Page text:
International Reports

War Foretold

On the Genesis and Development of Conflict over Nagorno-Karabakh

Anyone dealing with post-Soviet conflicts between former Soviet republics as a “neutral” foreigner can be sure that in the best case, he or she will only be accepted by one side at a time. It is virtually impossible to be perceived as a “neutral” within an argument. This complicates the goal of organising political dialogue about the problem. Concerning Nagorno-Karabakh, familiarity with the genesis of the conflict’s historical and international legal developments is indispensable and relevant regarding policy options for international actors.

On 27 September 2020, a third war between Azerbaijan and Armenia over the disputed Nagorno-Karabakh enclave began, along a front line over 200 kilometres in length. It ended on 9 November 2020, with a temporary ceasefire agreement under the aegis of the President of the Russian Federation. Although the European Union and particularly the member states of the OSCE’s “Minsk Group” seemed surprised, it was clear to anyone closely involved in the dispute that this war was “on the cards”. This time, it was suspended with an almost devastating defeat for the Armenians in Nagorno-Karabakh, and thus, for the Republic of Armenia. Just over a third of the disputed area of Nagorno-Karabakh is now under the rule of Azerbaijani troops, who have taken up positions only a few kilometres from the enclave’s capital, Stepanakert. The historical capital of Nagorno-Karabakh, Shusha (Azerbaijani) or Shushi (Armenian), is under Azerbaijani control. We should definitely view this circumstance as a symbol within a conflict loaded with symbolism.

In 1994, Armenia had occupied a total of seven Azerbaijani regions directly bordering Nagorno-Karabakh and declared them military “buffer zones”. These seven regions, to which in the last 30 years Armenia never officially laid claim under international law, have come under Baku’s control during this most recent war. The complete loss of the military “buffer zone” (from Armenia’s point of view) was one thing. The other, much more dramatic result of this armed conflict – again, from the Armenian point of view – was the loss of a good third of the disputed territory of Nagorno-Karabakh. The agreement between the Republics of Azerbaijan, Armenia, and the Russian Federation, negotiated on 9 November 2020 and officially enforced the following day, is formally a ceasefire. To regulate the ceasefire, Russia was granted a peacekeeping role primarily to secure the five-kilometre-wide corridor between the capital of Nagorno-Karabakh and the Armenian border – the “Lachin Corridor”. Conversely, the Armenians are to grant the Azerbaijanis a direct route between Azerbaijan and the Nakhichevan exclave. Accordingly, Azerbaijanis would have the right to cross the territory of the Republic of Armenia.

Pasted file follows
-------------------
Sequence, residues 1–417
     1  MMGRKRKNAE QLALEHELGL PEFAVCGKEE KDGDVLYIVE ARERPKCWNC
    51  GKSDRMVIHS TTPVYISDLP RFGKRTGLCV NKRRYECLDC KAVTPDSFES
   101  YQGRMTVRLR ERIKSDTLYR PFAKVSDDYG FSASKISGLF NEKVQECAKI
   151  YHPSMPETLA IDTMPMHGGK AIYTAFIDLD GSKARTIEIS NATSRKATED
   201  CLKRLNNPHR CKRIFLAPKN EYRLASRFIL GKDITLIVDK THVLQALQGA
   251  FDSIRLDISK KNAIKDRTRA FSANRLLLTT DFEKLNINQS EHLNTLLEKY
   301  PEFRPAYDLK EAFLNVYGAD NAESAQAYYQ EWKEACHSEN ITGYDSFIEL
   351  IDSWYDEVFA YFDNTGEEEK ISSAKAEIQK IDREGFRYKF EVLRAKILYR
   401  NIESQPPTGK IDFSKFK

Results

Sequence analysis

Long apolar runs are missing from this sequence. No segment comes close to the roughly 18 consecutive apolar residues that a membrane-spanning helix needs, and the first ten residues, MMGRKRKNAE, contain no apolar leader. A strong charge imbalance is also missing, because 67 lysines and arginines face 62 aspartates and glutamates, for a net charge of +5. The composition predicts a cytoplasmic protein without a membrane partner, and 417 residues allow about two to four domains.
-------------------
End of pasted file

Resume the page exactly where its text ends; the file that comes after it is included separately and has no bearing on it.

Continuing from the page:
No Security Guarantees for the Armenians

Another highly explosive detail is hidden in the agreed duration of the ceasefire. It is valid for five years. If either Azerbaijan or Armenia terminates the agreement before the end of this period, Russia’s peacekeeping mission will also immediately come to an end. From the Armenian point of view, this means that premature termination of the ceasefire by Azerbaijan would expose Armenians in Nagorno-Karabakh to full-scale administration by Baku, with no prospect of Russian troop support; and thus, completely invalidating the claim that is crucial for Armenians in Nagorno-Karabakh, namely the question of security guarantees.


The Resounding Silence of the International Community

At the Eastern Partnership summit in Brussels on 15 December 2021, the Council of the European Union published a joint declaration of all participants. In an annex, the “Post-2020 Eastern Partnership Priorities” were formulated. It states that as part of a common security and stability policy both civilian and military missions will be supported in the future. One year after the provisional end of the third Nagorno-Karabakh war, this sounds more focused on results than in the past. On the other hand, the sincerity of these statements comes into question. The Republic of Armenia in particular felt abandoned by the international community during the almost seven-week war from September to November 2020. The extent to which the European Union helplessly and listlessly looked on at the war from 27 September to 9 November 2020 is indeed astonishing. It was, after all, a war between two Eastern Partnership actors and, moreover, one waged with ultra-modern weapons. The latter was the reason why the German Bundeswehr and the Ministry of Defence at least were interested in the war. The few public statements from the German Bundestag, its Committee on Foreign Affairs, and the Human Rights Committee were general and addressed both warring parties. During the last conflict in autumn 2020, nothing was heard from the “Minsk Group” of the OSCE, the institution most responsible for mediating peace between conflicting parties.